On appeal, like appellants here, the defendant conceded that the evidence was sufficient to support a finding of gross vehicular negligence but claimed it was insufficient to show that he had a subjective awareness of the risk for manslaughter. Justice Gilbert rejected this claim stating: "Here Moore drove 70 miles per hour in a 35-mile-per-hour zone, crossed into the opposing traffic lane, caused oncoming drivers to avoid him, ran a red light and struck a car in the intersection without even attempting to apply his brakes. His actions went well beyond gross negligence. He acted with wanton disregard of the near certainty that someone would be killed." (Moore, supra, 187 Cal.App.4th at p. 941.)
Morones argues that in any event he cannot be liable for murder as a direct perpetrator because there is no credible evidence that his Honda hit the Altima. He argues that, "[T]he weight of the credible evidence supports the conclusion that [Morones's] vehicle passed behind the Altima and impacted Villagrana's car." Only German and Victor testified that he was the first to hit the back of the Altima, but they were 300 to 400 feet away. In opening statement, the prosecutor told the jury that Morones did not strike the Altima and was not involved in that collision but struck another vehicle. The accident reconstruction expert, Captain Faulkner, testified that the cause of the accident was Canizalez's failure to stop at the stop sign, not the racing. Morones contention lacks merit.
It was for the jury, not us, to determine the weight to be given to the testimony of German and Victor, as compared to the testimony on which Morones relies. We simply assess whether there was sufficient evidence to support the jury's verdict. There was sufficient evidence here for the jury to find that Morones's Honda hit the Altima. German and Victor, who actually saw the accident, both testified that the Honda was the first car to hit the Altima. Captain Faulkner testified that "there was no way to tell" if the Honda hit the Altima. The testimony of a single witness is sufficient to support a conviction. (People v. Scott (1988) 21 Cal.3d 284, 296 ["The uncorroborated testimony of a single witness is sufficient to sustain a conviction, unless the testimony is physically impossible or inherently improbable"].)
But, even if the jury concluded that Morones's car did not hit the Altima, the evidence was still sufficient to support a finding that he caused the victims' deaths. It is proximate causation, not direct or actual causation, which together with the requisite mental state determines the defendant's liability for murder. (People v. Sanchez (2001) 26 Cal.4th 834, 845 (Sanchez).) Just because the actual cause of death cannot be determined does not undermine a first degree murder conviction. (Ibid.) There may be multiple proximate causes even where there is but one actual cause. (Id. at p. 846.) The People's burden of proving causation is met if evidence is produced from which it may be reasonably inferred that the defendant's act was a substantial factor in producing the result of the crime. (People v. Scola (1976) 56 Cal.App.3d 723, 726 (Scola), cited with approval in People v. Caldwell (1984) 36 Cal.3d 210, 220.) The prosecution does not have to prove to a mathematical certainty that the killing would have occurred absent the defendant's act. (Scola, supra, at p. 727.)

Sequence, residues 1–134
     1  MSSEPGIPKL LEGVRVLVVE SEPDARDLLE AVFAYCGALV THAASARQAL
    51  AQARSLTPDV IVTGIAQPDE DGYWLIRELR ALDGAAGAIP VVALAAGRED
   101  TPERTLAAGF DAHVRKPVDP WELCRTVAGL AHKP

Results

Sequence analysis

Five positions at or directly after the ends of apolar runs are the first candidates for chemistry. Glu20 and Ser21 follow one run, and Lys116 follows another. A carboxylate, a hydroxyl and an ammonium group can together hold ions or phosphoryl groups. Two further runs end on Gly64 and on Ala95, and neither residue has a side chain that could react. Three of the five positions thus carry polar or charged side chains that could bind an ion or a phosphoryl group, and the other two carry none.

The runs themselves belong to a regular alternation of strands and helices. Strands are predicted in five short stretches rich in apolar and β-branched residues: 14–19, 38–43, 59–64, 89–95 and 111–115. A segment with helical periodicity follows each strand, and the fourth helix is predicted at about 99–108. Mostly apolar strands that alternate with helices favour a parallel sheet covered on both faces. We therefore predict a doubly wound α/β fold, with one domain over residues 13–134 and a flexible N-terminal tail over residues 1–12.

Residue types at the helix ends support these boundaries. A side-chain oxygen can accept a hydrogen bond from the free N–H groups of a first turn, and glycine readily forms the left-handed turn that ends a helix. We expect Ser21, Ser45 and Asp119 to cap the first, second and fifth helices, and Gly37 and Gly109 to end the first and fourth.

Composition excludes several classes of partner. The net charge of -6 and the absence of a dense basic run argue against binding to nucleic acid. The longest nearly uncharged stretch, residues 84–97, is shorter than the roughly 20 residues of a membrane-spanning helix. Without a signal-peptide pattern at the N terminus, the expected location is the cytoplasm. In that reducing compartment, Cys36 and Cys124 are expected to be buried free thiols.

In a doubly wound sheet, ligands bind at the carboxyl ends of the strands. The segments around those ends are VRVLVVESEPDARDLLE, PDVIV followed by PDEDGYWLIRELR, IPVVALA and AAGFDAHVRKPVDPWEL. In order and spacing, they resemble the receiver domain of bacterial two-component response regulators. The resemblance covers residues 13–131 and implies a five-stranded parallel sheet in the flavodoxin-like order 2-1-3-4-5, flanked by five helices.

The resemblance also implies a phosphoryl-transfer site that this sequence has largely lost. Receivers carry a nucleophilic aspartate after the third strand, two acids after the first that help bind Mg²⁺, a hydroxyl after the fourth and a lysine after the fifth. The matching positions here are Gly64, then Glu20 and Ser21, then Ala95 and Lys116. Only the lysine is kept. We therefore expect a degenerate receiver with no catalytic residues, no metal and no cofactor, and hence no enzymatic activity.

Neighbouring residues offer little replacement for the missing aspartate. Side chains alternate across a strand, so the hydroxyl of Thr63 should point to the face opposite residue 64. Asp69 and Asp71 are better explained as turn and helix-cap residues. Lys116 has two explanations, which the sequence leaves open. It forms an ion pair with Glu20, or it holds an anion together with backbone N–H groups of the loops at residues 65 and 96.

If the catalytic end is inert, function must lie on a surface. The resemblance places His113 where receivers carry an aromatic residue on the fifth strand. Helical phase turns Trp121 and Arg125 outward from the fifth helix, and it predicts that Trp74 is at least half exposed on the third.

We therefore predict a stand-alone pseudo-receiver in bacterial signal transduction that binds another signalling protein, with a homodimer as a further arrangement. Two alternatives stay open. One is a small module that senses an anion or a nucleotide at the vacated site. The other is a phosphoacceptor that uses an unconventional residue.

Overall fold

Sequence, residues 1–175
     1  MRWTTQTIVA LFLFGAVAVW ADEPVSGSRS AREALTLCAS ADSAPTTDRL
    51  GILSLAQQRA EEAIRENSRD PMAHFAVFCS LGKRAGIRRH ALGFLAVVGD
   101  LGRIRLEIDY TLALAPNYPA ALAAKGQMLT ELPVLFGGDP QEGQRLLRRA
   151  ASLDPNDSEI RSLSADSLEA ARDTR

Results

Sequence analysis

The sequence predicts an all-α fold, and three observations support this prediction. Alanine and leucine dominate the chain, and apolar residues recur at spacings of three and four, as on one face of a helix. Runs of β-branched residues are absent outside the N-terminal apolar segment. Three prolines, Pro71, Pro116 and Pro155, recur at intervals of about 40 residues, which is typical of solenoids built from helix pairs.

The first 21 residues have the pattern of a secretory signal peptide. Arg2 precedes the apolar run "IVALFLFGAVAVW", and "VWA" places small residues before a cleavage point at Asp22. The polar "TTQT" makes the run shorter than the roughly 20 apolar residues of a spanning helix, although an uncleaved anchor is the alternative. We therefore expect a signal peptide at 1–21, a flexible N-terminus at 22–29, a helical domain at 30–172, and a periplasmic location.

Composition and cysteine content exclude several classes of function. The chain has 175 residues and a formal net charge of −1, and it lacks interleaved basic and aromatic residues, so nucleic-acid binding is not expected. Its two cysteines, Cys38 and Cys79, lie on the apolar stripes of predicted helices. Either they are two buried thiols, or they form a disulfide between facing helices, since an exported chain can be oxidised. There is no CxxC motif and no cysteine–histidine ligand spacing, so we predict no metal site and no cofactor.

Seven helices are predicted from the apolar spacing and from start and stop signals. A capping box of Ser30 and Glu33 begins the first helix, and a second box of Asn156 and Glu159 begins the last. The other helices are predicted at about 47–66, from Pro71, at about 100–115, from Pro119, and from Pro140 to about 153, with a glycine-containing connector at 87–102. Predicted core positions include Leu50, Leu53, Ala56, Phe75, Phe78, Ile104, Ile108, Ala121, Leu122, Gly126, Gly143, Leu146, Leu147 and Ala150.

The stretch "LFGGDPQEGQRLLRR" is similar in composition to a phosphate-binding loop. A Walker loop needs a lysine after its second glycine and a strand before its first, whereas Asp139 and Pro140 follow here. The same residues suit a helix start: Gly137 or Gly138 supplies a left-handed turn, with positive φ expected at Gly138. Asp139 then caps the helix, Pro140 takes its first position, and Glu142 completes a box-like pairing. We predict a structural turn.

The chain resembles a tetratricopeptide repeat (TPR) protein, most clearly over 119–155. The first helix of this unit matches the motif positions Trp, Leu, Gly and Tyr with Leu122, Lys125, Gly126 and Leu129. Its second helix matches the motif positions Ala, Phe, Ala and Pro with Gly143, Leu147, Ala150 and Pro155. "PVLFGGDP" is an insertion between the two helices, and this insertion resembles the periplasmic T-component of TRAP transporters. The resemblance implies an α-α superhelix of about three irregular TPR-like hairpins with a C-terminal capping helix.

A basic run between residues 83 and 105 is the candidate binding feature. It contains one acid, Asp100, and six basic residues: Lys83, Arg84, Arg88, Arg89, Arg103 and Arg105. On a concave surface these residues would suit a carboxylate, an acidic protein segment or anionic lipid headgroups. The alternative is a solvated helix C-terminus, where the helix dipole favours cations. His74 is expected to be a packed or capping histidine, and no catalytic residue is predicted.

The analysis in People v. Kemp (1957) 150 Cal.App.2d 654 (Kemp), another speed contest case, cited with approval by our Supreme Court in Sanchez, supra, 26 Cal.4th at page 846, is applicable here. Kemp and Coffin engaged in a car race down a public street, resulting in the death of a person driving a car hit by Coffin's car. Kemp, as Morones does here, "'contended that there was no showing of anything attributable to him which was a proximate cause of the death.'" He argued that the mere violation of the Vehicle Code section precluding speed contests could not constitute a proximate cause of death because the death was caused by either the excessive speed or reckless driving of Coffin. The Court of Appeal disagreed stating, "The evidence here strongly indicates that Kemp and Coffin were inciting and encouraging one another to drive at a fast and reckless rate of speed on a residence street and as they closely approached a blind intersection. It was by the merest chance that Kemp was able to avoid hitting the other car, and that Coffin was not. Only the matter of a split second and a few inches made the difference. They were both violating several laws, the acts of both led directly to and were a proximate cause of the result, and the fact that the appellant happened to narrowly escape the actual collision is not the controlling element. The evidence is sufficient to show that they were not acting independently of each other, and that they were jointly engaged in a series of acts which led directly to the collision." (Kemp, supra, at p. 659.)